Now before you cross the street to the park or after just as long as you stay near Beacon Street, 4 Blocks down Beacon Street, on the right is a TV landmark. the outside shot of the show Cheers. You know what I am talking about, the entrance to the Cheers Bar with the Stairs going into the bar. (Neat huh!) Stop in this bar and rest your legs and grab a quick drink or bite to eat if you would like. But if you do, try the Sam Adams Brick Red, it is only sold in Boston and money made from the sale goes to the local community. Wish I could get it where I live.
After you leave Cheers, cross the street to the park, and you will see another park right beside Boston Common, Called the Public Gardens, there is a huge pond, statues (one of George Washington) and plenty of places to stop and look around. This is the park where Robin WIlliams and Matt Damon sat on a bench and talked in Good Will Hunting. You can easily find the bench because there are always flowers laid on the bench because of Robin Williams death a few years ago. Bring some flowers if you like.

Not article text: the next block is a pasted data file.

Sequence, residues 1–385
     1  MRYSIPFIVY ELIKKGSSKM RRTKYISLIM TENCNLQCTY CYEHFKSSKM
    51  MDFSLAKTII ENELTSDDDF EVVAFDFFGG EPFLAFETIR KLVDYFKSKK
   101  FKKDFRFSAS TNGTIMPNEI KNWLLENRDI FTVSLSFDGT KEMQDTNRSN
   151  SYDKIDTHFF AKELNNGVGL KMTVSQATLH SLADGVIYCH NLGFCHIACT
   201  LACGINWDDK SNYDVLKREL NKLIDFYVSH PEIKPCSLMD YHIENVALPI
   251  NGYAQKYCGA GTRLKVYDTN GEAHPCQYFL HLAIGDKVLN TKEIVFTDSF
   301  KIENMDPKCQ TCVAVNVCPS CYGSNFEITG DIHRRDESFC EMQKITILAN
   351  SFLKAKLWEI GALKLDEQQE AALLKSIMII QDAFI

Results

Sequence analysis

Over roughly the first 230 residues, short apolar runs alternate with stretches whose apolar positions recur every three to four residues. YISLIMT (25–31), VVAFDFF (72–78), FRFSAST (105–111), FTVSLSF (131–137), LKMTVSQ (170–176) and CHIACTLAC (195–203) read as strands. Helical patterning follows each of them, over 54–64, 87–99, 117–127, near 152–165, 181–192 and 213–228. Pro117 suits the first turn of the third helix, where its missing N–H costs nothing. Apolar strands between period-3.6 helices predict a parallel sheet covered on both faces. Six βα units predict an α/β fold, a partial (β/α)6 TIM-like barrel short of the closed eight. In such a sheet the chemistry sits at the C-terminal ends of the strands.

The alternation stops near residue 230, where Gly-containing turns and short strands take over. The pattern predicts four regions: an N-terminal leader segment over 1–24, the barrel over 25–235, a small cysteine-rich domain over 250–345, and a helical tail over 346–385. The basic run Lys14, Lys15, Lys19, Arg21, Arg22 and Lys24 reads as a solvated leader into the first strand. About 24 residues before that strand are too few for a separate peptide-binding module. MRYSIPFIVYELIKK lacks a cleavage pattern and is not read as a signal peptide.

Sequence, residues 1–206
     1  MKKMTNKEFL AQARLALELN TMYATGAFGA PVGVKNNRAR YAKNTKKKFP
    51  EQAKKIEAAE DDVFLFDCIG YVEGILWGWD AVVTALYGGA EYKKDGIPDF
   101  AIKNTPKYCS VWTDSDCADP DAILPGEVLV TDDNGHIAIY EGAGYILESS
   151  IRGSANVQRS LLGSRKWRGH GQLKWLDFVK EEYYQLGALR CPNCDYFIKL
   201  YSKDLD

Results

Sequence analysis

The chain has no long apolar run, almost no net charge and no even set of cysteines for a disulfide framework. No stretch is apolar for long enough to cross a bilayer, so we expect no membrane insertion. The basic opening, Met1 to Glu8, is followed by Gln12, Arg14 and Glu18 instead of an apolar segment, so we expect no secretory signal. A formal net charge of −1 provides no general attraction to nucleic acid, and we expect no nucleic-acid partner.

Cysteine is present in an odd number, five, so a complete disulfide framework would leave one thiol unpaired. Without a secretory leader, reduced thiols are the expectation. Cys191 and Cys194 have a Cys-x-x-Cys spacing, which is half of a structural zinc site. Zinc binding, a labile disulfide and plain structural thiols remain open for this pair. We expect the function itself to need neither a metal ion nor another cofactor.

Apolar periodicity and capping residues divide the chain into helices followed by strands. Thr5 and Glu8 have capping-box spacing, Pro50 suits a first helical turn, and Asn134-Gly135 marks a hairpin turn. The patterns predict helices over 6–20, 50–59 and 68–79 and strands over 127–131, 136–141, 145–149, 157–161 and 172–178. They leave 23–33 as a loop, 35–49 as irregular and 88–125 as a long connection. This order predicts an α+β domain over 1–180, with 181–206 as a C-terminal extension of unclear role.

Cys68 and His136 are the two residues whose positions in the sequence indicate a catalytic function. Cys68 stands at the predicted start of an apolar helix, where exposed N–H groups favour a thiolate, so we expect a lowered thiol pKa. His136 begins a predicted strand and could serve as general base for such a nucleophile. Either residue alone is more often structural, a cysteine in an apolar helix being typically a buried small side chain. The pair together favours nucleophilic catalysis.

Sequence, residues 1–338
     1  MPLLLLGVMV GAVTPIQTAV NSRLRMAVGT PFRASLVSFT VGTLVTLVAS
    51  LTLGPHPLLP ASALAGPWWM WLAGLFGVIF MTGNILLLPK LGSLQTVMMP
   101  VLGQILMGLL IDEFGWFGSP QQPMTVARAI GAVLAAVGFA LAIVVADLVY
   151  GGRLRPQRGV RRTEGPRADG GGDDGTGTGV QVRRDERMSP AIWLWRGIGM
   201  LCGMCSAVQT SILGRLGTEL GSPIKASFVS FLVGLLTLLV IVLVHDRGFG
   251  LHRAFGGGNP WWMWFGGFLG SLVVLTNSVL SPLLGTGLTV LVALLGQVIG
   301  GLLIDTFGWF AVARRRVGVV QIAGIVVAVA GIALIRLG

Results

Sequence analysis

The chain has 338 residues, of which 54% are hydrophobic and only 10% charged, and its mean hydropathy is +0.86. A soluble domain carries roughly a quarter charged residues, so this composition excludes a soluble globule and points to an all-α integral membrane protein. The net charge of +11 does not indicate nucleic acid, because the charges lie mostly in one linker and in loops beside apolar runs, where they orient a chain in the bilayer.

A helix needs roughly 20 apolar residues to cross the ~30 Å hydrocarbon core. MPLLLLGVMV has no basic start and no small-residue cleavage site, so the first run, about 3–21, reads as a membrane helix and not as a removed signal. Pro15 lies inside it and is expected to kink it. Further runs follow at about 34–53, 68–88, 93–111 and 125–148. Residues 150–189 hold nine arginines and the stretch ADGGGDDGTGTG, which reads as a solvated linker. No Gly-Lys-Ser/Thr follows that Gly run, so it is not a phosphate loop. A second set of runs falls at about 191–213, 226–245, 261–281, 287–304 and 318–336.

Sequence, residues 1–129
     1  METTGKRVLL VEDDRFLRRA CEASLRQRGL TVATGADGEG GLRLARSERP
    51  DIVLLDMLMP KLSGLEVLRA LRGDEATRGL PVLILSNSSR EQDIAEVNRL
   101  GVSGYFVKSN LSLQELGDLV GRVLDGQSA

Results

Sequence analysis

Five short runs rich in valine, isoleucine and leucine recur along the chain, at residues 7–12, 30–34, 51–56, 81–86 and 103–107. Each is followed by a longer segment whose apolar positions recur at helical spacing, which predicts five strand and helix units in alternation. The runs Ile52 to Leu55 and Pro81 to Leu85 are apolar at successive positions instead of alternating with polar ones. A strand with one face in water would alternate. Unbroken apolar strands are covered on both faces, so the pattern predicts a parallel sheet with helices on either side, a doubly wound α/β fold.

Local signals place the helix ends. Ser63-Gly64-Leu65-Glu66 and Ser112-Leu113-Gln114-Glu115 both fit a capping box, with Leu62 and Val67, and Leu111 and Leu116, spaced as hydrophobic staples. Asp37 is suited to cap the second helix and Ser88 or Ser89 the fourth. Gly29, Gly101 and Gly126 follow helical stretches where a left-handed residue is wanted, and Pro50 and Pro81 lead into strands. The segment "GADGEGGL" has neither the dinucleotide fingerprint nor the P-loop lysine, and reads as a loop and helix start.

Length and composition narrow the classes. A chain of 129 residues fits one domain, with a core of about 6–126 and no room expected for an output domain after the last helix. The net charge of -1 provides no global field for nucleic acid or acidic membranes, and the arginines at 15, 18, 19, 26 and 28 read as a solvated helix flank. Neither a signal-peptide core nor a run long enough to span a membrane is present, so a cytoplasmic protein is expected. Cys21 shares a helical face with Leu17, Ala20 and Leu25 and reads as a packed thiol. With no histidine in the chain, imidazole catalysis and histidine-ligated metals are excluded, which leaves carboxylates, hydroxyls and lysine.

Also, side note, at the corner of Boylston Street and Washington Street is Chinatown, take a left out of the southern end of Boston Common on the Boylston and Washington is 2 blocks away.
Whichever Park you are in, Boston Common, or the Public Gardens, make your way to Boylston Street and turn left on Tremont. or back to Beacon Street, turn right on Park, then left on Tremont. Tremont is where you want to be at the edge of Boston Commons. At this point you have already seen 3 spots on the trail. The State Building, Boston Common, and the Statue at the corner called Robert Gould Shaw and the 54th. (The first all-Volunteer African American Unit in the US Army). This is a good place to start the rest of the Freedom Trail, at the far-left edge of Boston Common on Tremont Street. Next stop is Park Street Church, and you can see it from where you are standing. This is where abolitionist William Lloyd Garrison made his first anti-slavery speech in 1818.
The Granary and Beyond